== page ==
For those looking to keep abreast of the global Phenol market, our independent, unbiased pricing information, news and market analysis is an invaluable resource.
Whether you buy or sell Phenol or related products, you need to know about the prices and the factors driving the prices in the global Phenol market as they happen. Our network of price reporters throughout Asia, Europe and the US provide key local insights. We collate this intelligence into daily and weekly price reports, ensuring you have the up-to-date information you need at all times.
Updated to Q1 2019
Taiwan Prosperity Chemical Corp (TPCC) extended its turnaround beyond January. A fire occurred during the initial start-up phase. Formosa Chemical and Fibre Corp (FCFC) was shut for scheduled maintenance from February. India’s Hindustan Organic Chemicals (HOC) and SI Group had short shutdowns due to plant issues in January. Buyers also stocked up in the lead-up to Thailand’s PTT II scheduled turnaround, expected in April. Phenol prices softened from early March, alongside feedstock benzene.
Asia spot phenol demand was strong in the first quarter, on the back of tightened supply from turnarounds and stocking activities for the Lunar New Year in H1 February. In India, spot procurement increased, as contractual volumes were affected when two domestic producers, Hindustan Organic Chemicals Limited (HOCL) and SI Group faced production issues in January. Taiwan Prosperity Chemical Corp (TPCC) extended its scheduled restart to end-January following an explosion during the initial restart in H1 January.
European phenol supply was balanced at the start of 2019 after the lifting of INEOS’s force majeure in December 2018. The Swiss-headquartered seller declared the force majeure on its Gladbeck and Antwerp facilities originally in October due to low river Rhine water levels. Some participants still found securing volumes difficult in early 2019, as there was a premium on available material. There were also production issues globally in the first quarter, although no large impact was felt in Europe.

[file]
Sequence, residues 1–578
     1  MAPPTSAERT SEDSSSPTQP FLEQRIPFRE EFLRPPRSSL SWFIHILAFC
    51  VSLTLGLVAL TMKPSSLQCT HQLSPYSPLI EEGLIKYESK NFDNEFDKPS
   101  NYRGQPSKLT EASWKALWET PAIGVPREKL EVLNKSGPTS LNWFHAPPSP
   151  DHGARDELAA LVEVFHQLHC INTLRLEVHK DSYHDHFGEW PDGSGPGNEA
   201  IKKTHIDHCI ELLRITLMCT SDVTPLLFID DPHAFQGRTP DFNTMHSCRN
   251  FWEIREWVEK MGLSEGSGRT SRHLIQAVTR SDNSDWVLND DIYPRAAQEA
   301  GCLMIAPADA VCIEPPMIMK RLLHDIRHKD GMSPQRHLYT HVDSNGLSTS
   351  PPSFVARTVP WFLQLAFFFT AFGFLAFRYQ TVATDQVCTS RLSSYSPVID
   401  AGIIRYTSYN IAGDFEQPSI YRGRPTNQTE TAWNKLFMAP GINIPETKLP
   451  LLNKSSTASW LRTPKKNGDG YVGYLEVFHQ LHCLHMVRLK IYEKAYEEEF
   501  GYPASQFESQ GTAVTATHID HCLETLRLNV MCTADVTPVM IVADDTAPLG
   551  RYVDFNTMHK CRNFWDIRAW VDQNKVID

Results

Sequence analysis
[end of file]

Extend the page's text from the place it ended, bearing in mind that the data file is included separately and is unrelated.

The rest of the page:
There were strong and steady levels of demand for European phenol in the first quarter. The downstream phenolic resins market was in particular experiencing high order book volumes at the start of 2019. This was not the case in the caprolactam (capro) market, which is another phenol application. Capro consumption was quiet in the first quarter due to a knock-on effect from limited nylon business and weak automotive performance.
US phenol supply was tight during the first quarter of 2019, with issues at three producers that yielded three separate force majeures. Shell was down for a month for repairs. Weather-related logistics issues prevented Altivia and AdvanSix from receiving cumene, prompting a reduction in operating rates. Both companies were impacted for about two weeks. Very little material was available for domestic spot or export markets, as most material went to fulfil contractual obligations.
US phenol demand remained robust in Q1 2019. Demand is strong in epoxy resins, phenolic resins and nylon sectors, but softer in polycarbonate (PC) sectors amid PC oversupply. Despite seasonally lower demand in downstream sectors, demand outpaced domestic supply levels amid three producer force majeures. Supply was tight. Contract buyers were largely covered, but some customers had trouble securing product. This put upward pressure on domestic spot prices, and some buyers took increases.
We offer the following regional Phenol analysis and news coverage to keep you informed of factors and developments affecting prices in the Phenol marketplace.
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The primary chemical intermediates and derivatives of phenol include phenolic resin, bisphenol-A (BPA), caprolactam, adipic acid and plasticiser.
Phenol occurs as colourless to yellow crystals, with a characteristic carbolic odour which turns pink on exposure to light and air. It is strongly hydroscopic, liquefying in moist air. It is moderately dissolvable in water, but very soluble in ether, methyl and ethyl alcohol, carbon tetrachloride, acetic acid, glycerol, benzene and chlorinated hydrocarbons. The solution in water is a weak acid.
The main chemical intermediates and derivatives of phenol are bisphenol-A (BPA) used to make polycarbonate (PC) and epoxy resins, phenolic resins, caprolactam, alkylphenols, aniline and adipic acid. The largest market for phenol is BPA followed by phenolic resins.
Cumene-based technology is the dominant process to produce phenol. Here, benzene and propylene are reacted to form cumene, which is oxidised to the hydroperoxide, followed by acid-catalysed cleavage to yield phenol and acetone.